French convict-turned world famous writer Henri Charrière's memoirs get a substantially grittier (if not, per se, thematically richer) makeover with Danish filmmaker Michael Noer's grim drama-thriller, Papillon. The film's screenplay draws not only from Charrière's literary autobiographies Papillon and Banco, but also the Oscar-nominated 1973 Papillon movie adapted by Lorenzo Temple Jr. and Dalton Trumbo. In doing so, Noer and his screenwriter Aaron Guzikowski allow themselves greater creative freedom to put their own unique spin on Charrière's penal colony experiences (modern historians' doubts concerning Papillon's authenticity aside). The resulting film isn't the grand slam its creators were aiming for, yet it's a worthwhile retelling in its own right. Papillon is an effectively stark prison escape (and survival) adventure with solid performances, but only digs so deep into its themes and characters.

Charlie Hunnam stars in the film as Henri "Papillon" Charrière, who starts out as a youthful and confident safecracker living the life of the party with his girlfriend Nenette (Eve Hewson) in Paris circa 1931. However, when one of Henri's criminal employers learns that he lied about their transaction and kept more than he was promised of the profits, Henri finds himself falsely accused and quickly convicted of having committed murder. He is thereafter condemned to a one-way trip to the infamous Devil's Island penal colony in French Guiana, where he will spend the rest of his miserable life laboring under the supervision of the prison's remorseless overseer, Warden Barrot (Yorick van Wageningen).

On the journey across the sea to French Guiana, Henri strikes up an alliance with Louis Dega (Rami Malek): a somewhat eccentric and physically meager convicted counterfeiter who eventually agrees to provide Henri with the funds he will need to attempt an escape, in return for Henri's protection from the other prisoners. However, even with Louis' money in hand, Henri comes to realize that breaking out of the Devil's Island penal colony is even more treacherous and difficult than it seems at first glance. Nevertheless, with assistance from Louis and a few other inmates who are eager to make a run for it, like Celler (Roland Møller), Henri prepares to stage a most daring escape... assuming he can stay alive long enough to try, anyway.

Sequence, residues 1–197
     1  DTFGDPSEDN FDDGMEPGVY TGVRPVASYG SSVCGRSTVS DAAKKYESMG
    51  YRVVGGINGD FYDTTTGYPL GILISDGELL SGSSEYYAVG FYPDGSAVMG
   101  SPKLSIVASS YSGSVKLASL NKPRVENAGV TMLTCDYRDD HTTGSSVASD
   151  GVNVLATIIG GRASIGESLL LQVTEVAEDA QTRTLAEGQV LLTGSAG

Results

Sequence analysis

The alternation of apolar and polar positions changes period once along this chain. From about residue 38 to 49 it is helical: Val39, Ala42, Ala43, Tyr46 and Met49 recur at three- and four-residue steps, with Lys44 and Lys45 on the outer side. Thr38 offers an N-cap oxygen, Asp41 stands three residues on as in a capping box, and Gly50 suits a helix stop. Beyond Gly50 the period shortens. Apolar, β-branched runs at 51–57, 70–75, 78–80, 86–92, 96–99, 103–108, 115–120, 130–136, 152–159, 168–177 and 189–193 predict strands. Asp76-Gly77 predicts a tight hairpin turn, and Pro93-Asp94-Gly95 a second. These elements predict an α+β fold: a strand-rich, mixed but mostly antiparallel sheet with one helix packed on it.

Obvious surface-level differences aside, Papillon thematically compliments Guzikowski's script for Denis Villeneuve's Prisoners, in the sense that it examines the experience of being imprisoned from the perspective of the actual prisoners, rather than those who are "imprisoned" by holding others captive (a la Villeneuve's kidnapping drama). The theme of transcendence is also central to the proceedings here. Henri battles physical challenges throughout the film (be it when he's on the run or trying to stay fit while trapped in solitary confinement for years), yet it's his search for spiritual freedom that affords Papillon some substance, to go with the escalating stakes surrounding Henri's escape attempts (which provide the framework for the movie's three-act narrative). Ultimately, however, Papillon only skims the surfaces of these ideas in order to focus more on the visceral qualities of Henri's harrowing day to day life as a prisoner.